It is quite exciting to tell ourselves, “This year is a new chance.”
“This year will reveal an improved version of ourselves. Just wait and see how our marriages, families and businesses thrive. It’s an opportunity for a new beginning.”
I’m all for looking ahead and upgrading our game. But let’s not be too quick to bury the past.
Imagine telling our kids, “Guess what! We’re going to Disneyland in three years’ time!” Or, “Guess what, Honey! We’re being transferred to Paris for two years; our flight’s this afternoon.” Both scenarios are equally ludicrous. It is also as absurd to fire an under-performing employee and give him twenty-four months’ notice as it is to tell him that he must be out and off the premises within an hour. What time is right?
How long should you spend psyching yourself up to propose marriage to your girlfriend? A week? A month? An hour?
Which is right? “We’re offering you the job and would like to hear back from you with your decision in _____.” Well, how long? We’d like to hear back from you in twenty minutes? Silly! We’d like to hear back from you before the end of next year? Ridiculous! What time is right?
As usual, ancient Jewish wisdom points us in the right direction. See these verses:
On the third day Abraham lifted up his eyes, and saw the place…
And on the third day, which was Pharaoh’s birthday, he made a feast…
…let us go…three days’ journey into the wilderness, so we may sacrifice to the Lord our God.
And be ready by the third day; for on the third day the Lord will come down…
And it came to pass on the third day, that Esther put on her royal dress…
Joshua commanded the officers…saying, prepare provisions for within three days
you shall cross over this Jordan…
I have confined myself to only a few of the many Scriptural references to three days. Is it not peculiar that all these events and many others in the Bible involved a time span of three days? Why not five days? Why not four days? Coincidence? Of course not. It’s a lesson.
Let’s not tumble into the trap of simplistic thinking. Of course Scripture is not suggesting that three days is the right time frame for all the scenarios I described. Instead, it is teaching the lesson of the number 3 – past, present and future.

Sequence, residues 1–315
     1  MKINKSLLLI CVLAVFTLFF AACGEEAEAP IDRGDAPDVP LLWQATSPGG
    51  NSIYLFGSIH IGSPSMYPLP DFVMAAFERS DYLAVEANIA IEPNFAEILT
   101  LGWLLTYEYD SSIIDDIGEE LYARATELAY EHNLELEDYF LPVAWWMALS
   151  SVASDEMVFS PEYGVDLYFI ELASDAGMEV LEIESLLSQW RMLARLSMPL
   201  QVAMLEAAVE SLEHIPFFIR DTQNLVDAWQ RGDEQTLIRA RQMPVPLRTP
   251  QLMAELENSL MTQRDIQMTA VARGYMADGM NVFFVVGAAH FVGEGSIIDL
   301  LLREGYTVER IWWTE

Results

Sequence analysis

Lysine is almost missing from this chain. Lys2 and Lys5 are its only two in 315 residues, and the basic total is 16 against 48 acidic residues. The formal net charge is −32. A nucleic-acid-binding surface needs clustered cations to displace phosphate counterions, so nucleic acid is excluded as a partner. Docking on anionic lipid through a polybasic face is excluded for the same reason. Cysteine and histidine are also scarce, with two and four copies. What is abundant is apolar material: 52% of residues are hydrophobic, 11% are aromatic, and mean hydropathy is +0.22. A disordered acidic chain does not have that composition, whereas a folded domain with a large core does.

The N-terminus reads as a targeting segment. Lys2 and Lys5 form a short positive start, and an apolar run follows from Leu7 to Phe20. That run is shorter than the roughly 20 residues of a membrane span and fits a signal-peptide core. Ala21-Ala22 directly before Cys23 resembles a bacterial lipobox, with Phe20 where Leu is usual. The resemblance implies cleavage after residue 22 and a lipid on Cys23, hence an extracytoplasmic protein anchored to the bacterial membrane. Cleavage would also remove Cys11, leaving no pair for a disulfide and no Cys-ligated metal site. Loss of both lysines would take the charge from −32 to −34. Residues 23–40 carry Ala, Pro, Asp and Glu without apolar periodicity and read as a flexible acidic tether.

Like all numbers, the number three in Torah nomenclature possesses its own special significance. It alludes to how humans experience time. We are aware of the past, we understand something called the future, and we live the present. It is always in the context of these three parts of time that we should evaluate our lives and our experiences.
When we wonder whether something will be fun, we are really asking whether it will make the present pleasurable. One of the reasons a car accident can be so horrifying is the realization of how its consequences might affect the future. I recently saw an interview with a man sentenced to one hundred and fifty years behind bars. He said that what made life intolerable was not the thought of dying in prison, but that of losing connection with his children and grandchildren. In his case, having a past with deep and rich relationships made the present more unendurable.
Through the preponderance of three-day time spans, Scripture is telling us that we always need to take into account our past, our present and our future. Whether it is Abraham confronting the reality of sacrificing his son or the Israelites preparing to meet God at Mt Sinai, people need to give themselves enough time to integrate the experiences of the past with the approaching future into something they can absorb in the present.
In our own lives, when large decisions or changes loom, the three-day metaphor tells us that the right amount of time needs to be enough time to acknowledge where we are coming from and assimilate that with where we are while moving decisively into the future. Taking too little time leaves us reeling while taking too much time dulls us. Ignoring any of the three points of past, present and future leads us down faulty paths. By all means, ring in the new. But don’t make the mistake of ignoring the old.